Home / World / Unique large white shark is discovered off the Nova Scotia coast with giant bite marks on the head

Unique large white shark is discovered off the Nova Scotia coast with giant bite marks on the head



Love hurts! Huge white shark is discovered off the Nova Scotia coast with giant bite marks on his head that researchers believe he suffered during "violent mating"

  • Researchers from OCEARCH caught a male large white shark measuring 13 feet during a tagging expedition off the Nova Scotia coast on the October 4
  • The shark was inflicted with two serious bite marks on the head, which scientists believe were the work of even larger predators
  • OCEARCH Chairman Chris Fischer says the damage was probably sustained during & # 39; violent mating & # 39;
0:17 PM EDT, October 18, 2019 |

Scientists have discovered a 13-foot-large white shark with two large bite marks on his head that they suspect is inflicted by an even larger predator.

Crews from the nonprofit OCEARCH revealed the shocking injuries as they pulled the 1,164-pound animal – which they called Vimy – out of the water during a shark-tagging expedition from Nova Scotia earlier this month.

"It was clear that something had just grabbed his head," OCEARCH chairman Chris Fischer told the McClatchy Newsgroup on Wednesday.

"It was a very large animal that took hold of it, something much bigger … anything that can take an animal whose head is quite impressive".

Researchers theorized that a new bite mark on top of Vimy's head had only been maintained during the previous week, and that the culprit had probably measured 15 feet.

Fischer says his crews even saw a 17-foot shark in the same vicinity shortly before he caught Vimy, but it escaped before it could be tagged.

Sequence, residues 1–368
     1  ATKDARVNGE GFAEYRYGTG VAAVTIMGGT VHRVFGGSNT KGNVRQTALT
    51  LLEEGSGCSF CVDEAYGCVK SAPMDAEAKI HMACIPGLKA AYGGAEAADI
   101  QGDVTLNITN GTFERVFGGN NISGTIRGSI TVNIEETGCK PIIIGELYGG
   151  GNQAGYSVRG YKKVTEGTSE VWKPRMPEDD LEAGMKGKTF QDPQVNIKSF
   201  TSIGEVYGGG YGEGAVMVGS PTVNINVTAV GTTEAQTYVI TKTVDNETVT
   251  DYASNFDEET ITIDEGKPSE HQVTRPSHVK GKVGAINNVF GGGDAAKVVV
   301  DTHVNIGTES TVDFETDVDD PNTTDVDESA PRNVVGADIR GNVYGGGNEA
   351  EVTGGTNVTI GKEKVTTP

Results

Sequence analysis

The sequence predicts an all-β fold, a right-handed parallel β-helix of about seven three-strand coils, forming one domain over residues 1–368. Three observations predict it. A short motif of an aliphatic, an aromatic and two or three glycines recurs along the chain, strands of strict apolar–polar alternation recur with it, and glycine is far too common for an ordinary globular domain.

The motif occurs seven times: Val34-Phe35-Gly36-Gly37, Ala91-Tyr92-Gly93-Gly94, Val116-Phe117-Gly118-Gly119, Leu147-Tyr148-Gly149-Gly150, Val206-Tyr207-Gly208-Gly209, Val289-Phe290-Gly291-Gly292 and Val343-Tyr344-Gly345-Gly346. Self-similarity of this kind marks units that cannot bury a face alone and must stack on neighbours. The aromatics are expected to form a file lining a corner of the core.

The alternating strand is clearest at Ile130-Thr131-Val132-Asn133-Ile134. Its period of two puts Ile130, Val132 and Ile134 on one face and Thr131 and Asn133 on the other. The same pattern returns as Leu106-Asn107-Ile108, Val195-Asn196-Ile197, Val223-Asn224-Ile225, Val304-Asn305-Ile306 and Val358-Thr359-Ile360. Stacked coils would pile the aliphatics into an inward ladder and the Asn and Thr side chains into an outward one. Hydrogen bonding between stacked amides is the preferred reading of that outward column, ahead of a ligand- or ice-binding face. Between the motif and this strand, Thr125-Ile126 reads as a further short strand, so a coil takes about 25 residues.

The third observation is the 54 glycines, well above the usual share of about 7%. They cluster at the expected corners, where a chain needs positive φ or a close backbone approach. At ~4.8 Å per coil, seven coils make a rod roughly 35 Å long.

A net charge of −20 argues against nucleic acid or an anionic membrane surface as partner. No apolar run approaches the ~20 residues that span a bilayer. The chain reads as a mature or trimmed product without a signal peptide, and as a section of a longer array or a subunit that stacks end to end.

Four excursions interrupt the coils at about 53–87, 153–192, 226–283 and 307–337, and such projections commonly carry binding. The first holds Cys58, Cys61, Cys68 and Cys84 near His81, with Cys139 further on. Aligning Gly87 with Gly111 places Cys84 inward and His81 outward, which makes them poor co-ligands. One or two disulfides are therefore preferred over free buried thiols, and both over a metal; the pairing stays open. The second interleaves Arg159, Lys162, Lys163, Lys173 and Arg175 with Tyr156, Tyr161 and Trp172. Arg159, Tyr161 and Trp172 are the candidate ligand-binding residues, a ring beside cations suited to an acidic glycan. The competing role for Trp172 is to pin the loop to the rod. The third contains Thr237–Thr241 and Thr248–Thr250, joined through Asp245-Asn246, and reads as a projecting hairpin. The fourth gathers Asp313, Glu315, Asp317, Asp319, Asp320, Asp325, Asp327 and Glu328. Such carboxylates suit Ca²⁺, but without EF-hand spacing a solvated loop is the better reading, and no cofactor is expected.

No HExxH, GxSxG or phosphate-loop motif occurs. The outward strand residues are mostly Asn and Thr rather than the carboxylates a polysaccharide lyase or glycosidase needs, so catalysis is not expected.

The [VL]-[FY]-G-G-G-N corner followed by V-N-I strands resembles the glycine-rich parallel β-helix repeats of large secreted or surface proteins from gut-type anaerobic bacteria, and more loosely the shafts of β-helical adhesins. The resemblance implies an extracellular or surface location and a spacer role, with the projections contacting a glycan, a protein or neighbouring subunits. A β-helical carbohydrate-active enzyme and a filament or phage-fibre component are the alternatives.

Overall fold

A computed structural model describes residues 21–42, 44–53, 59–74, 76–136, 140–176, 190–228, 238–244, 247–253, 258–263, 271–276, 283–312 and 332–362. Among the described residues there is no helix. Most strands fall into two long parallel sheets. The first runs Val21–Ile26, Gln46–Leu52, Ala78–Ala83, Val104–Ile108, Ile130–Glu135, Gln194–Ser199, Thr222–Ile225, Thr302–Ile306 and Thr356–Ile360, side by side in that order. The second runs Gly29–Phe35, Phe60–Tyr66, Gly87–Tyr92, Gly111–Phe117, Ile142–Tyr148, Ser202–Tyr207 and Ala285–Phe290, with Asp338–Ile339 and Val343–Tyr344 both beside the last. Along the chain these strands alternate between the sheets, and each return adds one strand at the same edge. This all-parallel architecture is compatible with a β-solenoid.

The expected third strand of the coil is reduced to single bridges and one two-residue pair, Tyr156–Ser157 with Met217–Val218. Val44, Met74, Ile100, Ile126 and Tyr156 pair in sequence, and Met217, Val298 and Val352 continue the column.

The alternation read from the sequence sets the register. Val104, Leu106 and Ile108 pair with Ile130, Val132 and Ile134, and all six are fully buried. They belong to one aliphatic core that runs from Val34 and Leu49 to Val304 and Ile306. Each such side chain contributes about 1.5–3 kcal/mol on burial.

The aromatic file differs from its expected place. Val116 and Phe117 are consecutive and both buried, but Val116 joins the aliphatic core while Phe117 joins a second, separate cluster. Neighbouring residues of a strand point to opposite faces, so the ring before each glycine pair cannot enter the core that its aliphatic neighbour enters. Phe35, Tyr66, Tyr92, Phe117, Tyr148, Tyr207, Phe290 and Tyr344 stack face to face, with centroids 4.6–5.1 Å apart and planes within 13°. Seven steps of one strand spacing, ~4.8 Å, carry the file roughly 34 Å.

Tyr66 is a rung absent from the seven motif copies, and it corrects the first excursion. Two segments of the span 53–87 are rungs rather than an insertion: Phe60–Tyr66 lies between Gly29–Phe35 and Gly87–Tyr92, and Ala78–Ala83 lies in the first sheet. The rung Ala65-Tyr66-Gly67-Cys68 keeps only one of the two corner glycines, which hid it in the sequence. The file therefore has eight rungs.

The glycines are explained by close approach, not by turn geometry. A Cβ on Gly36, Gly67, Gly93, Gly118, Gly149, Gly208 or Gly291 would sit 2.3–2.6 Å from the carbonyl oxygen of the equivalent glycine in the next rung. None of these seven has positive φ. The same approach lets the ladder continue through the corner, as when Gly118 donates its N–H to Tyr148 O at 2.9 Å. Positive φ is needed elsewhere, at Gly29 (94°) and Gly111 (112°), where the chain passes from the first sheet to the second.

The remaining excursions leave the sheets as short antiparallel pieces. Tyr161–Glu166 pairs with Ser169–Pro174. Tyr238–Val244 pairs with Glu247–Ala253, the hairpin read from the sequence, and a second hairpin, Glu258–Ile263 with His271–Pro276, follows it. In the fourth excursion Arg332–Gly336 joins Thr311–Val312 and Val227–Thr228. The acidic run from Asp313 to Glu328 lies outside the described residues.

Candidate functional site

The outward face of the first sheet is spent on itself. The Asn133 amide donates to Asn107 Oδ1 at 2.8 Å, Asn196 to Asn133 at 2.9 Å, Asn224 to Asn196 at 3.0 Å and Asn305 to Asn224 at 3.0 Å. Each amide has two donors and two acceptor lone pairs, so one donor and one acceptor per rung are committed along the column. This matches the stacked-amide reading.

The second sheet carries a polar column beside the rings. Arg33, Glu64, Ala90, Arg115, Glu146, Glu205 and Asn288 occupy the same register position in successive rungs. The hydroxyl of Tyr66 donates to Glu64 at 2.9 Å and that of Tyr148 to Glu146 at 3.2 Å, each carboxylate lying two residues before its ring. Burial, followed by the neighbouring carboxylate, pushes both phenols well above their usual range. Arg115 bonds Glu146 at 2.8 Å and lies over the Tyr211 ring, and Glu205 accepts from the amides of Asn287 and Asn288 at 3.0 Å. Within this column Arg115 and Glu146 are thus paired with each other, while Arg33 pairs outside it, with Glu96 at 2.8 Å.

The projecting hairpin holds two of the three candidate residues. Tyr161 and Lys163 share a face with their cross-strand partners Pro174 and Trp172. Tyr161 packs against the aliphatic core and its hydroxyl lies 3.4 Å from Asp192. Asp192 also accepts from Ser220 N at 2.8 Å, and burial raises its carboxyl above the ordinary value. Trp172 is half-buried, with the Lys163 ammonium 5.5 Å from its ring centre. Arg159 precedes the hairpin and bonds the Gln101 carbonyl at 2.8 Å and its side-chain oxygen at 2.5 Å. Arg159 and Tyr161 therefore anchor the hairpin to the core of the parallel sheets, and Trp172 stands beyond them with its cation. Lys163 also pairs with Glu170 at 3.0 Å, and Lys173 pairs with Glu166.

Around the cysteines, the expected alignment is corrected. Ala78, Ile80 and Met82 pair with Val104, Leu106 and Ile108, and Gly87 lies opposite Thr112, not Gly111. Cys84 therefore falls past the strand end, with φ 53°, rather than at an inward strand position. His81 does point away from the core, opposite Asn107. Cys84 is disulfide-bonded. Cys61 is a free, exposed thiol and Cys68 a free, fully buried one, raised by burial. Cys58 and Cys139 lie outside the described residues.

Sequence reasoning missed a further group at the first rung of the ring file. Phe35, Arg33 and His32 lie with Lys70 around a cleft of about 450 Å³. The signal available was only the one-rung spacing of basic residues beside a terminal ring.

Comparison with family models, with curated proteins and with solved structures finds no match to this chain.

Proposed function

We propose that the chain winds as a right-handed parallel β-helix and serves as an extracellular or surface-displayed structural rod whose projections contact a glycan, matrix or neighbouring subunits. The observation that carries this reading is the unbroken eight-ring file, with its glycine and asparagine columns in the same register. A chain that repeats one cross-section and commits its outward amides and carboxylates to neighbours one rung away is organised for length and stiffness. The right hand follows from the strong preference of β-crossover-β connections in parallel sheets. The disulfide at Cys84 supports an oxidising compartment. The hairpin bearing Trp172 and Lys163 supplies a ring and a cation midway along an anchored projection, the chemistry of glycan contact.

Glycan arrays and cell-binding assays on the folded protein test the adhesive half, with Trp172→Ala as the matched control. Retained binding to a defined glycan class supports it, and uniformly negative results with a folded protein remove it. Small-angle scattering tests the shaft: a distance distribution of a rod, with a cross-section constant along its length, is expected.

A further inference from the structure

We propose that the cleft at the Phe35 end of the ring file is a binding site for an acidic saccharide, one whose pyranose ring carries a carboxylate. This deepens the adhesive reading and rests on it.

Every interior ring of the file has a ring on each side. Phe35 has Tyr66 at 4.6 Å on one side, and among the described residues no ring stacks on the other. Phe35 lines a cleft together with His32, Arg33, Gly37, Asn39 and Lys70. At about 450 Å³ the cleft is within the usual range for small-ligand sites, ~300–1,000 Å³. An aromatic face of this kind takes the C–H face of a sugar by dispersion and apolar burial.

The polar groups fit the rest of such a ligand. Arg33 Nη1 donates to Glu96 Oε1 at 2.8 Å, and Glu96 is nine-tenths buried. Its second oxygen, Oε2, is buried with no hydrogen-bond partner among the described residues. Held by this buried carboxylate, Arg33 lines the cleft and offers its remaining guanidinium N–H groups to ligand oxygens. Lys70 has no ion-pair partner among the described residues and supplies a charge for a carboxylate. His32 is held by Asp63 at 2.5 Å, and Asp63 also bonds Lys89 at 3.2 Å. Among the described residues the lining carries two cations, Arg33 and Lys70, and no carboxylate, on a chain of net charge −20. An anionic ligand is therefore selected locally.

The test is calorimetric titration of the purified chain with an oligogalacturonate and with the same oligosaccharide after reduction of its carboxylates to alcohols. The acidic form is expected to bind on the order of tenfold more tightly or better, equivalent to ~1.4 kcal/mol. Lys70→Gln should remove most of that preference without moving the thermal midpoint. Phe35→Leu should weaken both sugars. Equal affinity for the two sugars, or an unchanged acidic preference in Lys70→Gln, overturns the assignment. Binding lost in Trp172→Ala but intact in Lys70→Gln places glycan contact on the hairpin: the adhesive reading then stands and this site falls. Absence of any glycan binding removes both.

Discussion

Researchers discovered a 13-foot-tall white shark with two large bite marks on its head during a tagging expedition from Nova Scotia earlier this month. Marine biologists believe the damage was likely to be sustained during the violent mating process

Researchers discovered a 13-foot-tall white shark with two large bite marks on his head during a tagging expedition from Nova Scotia earlier this month. Marine biologists believe that the damage probably occurred during the violent mating process

Marine biologists say that both bite marks – both the new and the other that were probably sustained last year – may have come during the competition with another male over a female.

Alternatively, Vimy has tried to mate with a larger female shark that bit him in the head before starting.

"We know that mating with sharks is very violent. Sharks that bite each other in the head is not a new thing. This is an everyday part of their lives," Fischer says.

After tagging Vimy on October 4, the research team was able to lose track of his whereabouts – with the tracker showing him swimming at least 600 miles south.

  After tagging Vimy on October 4, the research group was able to lose his place of residence - with the tracker showing him swimming at least 600 miles south

After tagging Vimy on October 4, the research group was able to tab over his whereabouts – with the tracker showing him swim at least 600 miles south [19659024] Meanwhile, OCEARCH released a video about the successful expedition, during which they managed to tag several other sharks – including an 11.8-foot white [19659024] Meanwhile, OCEARCH released a video of the successful expedition, during which they managed to tag several other sharks – including an 11.8-foot white ” class=”blkBorder img-share” />

Meanwhile, OCEARCH released a video of the successful expedition, during which they managed to tag several other sharks – including an 11.8-foot white [19659017] Starting Monday, he travels in the Atlantic Ocean east of the New Jersey coast.

Meanwhile, OCEARCH released a video of the successful expedition, during which they managed to spot several other sharks – including an 11.8-foot white.

The organization has been tagging 417 animals since 2007 and assisting in the research of marine life habits and practices.

  OCEARCH has tagged 417 animals since 2007 and helped to investigate the habits and practices of marine life

OCEARCH has tagged 417 animals since 2007 and helped to investigate the habits and practices of marine life

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